Variety is (most definitely) the spice of life . . .

Coming to the end of a busy week that has provided all the variety that makes this job so challenging.  Started the week in Fareham with electronic navigation specialists ECDIS, who had just re-equipped their training centre with new kit and needed to show it off at it’s best. A single high level wide shot would have been the obvious (but boring) option, so I decided on a stitched  panorama composed from twelve frames, which delivered the perfect image for their PR and marketing collateral needs.


The next call of the week was a commission from Liverpool PR agency Active Profile for Riello UPS (Europe ‘s leading manufacturer of uninterruptible power supplies) at the Redstation Data Centre in Gosport. The smooth flow of shooting was hindered slightly by three consecutive and unexplained evacuation alarms, forcing me to abandon my kit and join everyone else outside in the sunshine ! Thankfully we were not on fire and eventually I was able to continue unhindered.  The time lost meant I was now constrained a little and didn’t have the freedom to light the server rooms “properly”.  Fortunately I was shooting with Nikon D700’s, which have  extraordinary low-light capabilities and  shooting RAW meant I was able to retain all the detail in both the matt black server cabinets and the stainless steel floor. Job done, the results speak for themselves and the client was delighted.



Wednesday saw me in Hillingdon for an update shoot with ACS International Schools for their Annual Review. I particularly enjoy shooting for this client as they have always given me complete creative freedom in the 20 years I have worked for them. This of course allows us to have a little bit of fun – even if we are just showing off the new carpets !

Last call of the week was to check a location facility at Leki Air’s HQ in Sussex  for a prospective shoot with Mann Aviation for their in-flight child seat.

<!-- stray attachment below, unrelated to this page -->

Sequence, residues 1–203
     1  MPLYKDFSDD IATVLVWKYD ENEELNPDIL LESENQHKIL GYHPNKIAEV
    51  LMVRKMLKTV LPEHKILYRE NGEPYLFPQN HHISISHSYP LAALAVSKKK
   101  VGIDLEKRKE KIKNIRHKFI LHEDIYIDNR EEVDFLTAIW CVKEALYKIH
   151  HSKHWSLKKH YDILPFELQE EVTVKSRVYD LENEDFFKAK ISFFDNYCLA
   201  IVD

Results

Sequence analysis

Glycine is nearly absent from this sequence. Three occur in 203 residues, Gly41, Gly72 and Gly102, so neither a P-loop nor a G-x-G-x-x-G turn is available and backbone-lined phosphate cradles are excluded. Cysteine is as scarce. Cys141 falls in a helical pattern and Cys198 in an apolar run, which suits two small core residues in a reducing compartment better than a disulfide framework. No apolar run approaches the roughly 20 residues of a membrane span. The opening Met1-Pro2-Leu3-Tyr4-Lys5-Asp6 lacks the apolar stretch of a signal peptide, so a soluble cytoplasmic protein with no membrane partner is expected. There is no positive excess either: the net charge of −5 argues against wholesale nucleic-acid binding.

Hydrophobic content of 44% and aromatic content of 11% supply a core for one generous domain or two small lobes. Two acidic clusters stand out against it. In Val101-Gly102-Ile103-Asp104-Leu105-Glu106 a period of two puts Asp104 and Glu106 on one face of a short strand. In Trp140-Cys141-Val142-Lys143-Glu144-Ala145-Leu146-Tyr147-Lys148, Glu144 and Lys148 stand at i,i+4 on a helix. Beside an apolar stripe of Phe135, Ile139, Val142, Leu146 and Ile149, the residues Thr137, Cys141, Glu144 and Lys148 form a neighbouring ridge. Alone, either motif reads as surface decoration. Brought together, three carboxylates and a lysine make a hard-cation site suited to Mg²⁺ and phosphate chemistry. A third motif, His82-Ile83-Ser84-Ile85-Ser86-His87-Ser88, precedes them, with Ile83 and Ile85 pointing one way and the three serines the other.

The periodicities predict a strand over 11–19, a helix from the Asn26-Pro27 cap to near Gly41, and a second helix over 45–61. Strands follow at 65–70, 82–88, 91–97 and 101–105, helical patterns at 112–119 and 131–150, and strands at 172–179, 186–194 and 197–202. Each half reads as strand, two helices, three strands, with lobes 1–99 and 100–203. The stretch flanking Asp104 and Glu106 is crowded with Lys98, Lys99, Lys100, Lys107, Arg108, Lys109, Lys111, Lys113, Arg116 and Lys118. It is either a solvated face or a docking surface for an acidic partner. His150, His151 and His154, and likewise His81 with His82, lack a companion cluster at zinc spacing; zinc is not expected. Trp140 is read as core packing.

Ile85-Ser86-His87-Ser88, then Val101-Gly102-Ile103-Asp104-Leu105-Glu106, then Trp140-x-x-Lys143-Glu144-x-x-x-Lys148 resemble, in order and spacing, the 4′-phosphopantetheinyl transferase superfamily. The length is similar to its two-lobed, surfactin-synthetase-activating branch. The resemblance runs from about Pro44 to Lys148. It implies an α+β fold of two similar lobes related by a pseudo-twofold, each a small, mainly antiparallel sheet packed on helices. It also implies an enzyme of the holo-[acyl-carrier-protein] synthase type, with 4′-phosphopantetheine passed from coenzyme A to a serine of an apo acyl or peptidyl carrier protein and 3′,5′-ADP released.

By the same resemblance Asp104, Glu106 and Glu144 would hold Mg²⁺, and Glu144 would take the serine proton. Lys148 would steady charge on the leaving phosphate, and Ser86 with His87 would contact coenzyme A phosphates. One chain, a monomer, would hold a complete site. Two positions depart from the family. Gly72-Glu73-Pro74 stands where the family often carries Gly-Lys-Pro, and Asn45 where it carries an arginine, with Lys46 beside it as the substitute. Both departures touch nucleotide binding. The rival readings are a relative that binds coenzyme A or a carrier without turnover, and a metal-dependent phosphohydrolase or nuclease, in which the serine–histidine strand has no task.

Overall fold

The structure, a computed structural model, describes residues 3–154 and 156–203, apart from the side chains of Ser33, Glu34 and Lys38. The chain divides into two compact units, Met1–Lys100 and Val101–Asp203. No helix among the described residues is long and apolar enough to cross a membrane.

We’ve got this . . .

and this . . .

Watch this blog over the next couple of weeks to see what we  do with them ! . . .

The Last Picture Show – will the press photocall become a thing of the past ?

Twenty years ago the best way to launch your new product or service was with a nice big press junket. Invite all the trade journos to a swanky city-centre hotel, ply them with booze and a good lunch and unless the MD sank too much Merlot and fell off the podium during his presentation, you were as good as guaranteed an excellent write-up. I even had the pleasure of attending one for a major tobacco company that culminated in the entire press corps boarding Concorde to enjoy a fabulous three-course lunch 50,000 ft over the Bay of Biscay at Mach 2 !   

Press lunch on Concorde ? Definitely a thing of the past !

 But a stunning product reveal with smoke and disco lighting was no use without the ever-present photographers. A major London launch could guarantee a good turnout of  snappers representing trade-journals, agencies, regional press and of course someone from each of the nationals. It didn’t matter how good the write up was, it was the shot of some leggy young beauty adorning your newest creation in next day’s red-tops that caught the punter’s eyes and set the shareholder’s pulses racing. No amount of purple prose could match the vision of a shiny new sports saloon emerging from a lake of dry ice. It was the eye-candy that sold the product – plain and simple – eye-candy created by experienced professional photographers with an  eye for a picture.   

How things have changed. At a recent press launch I  was the only professional photographer in attendance. Over instant coffee and tired danish pastries, a few bored hacks pointed their i-Phones in the general direction of the latest environmentally friendly transport before skulking back to their offices to file their copy. Not a staffer or agency tog in sight – and certainly no-one from the national press. That’s because the ever-dwindling returns offered by the publishing industry are causing many press freelancers to hang up their cameras for good.  National newspapers now regularly pay as little as £50 for a half-page picture, so travelling back and forth across the country for such low returns must inevitably become untenable.  

Facing extinction ? With more cost-cutting by publishers the press pack may soon become a rare sight.

The upshot of all this is that the press launch or photocall without photographers will cease to be the effective media tool it once was.  As anyone in PR knows,  good photography is a vital component in the marketing toolbox. In reality this means that if you want to guarantee some pictorial coverage of your product or brand launch, employing a dedicated professional photographer for the event will become not just important, but essential.  


Footnote:  Don’t rely on the photographer tied to your venue. Whilst frequently perfectly competent, many are only used to shooting consumer events such as weddings and parties and will not be able to offer vital additional services like agency syndication for your pictures.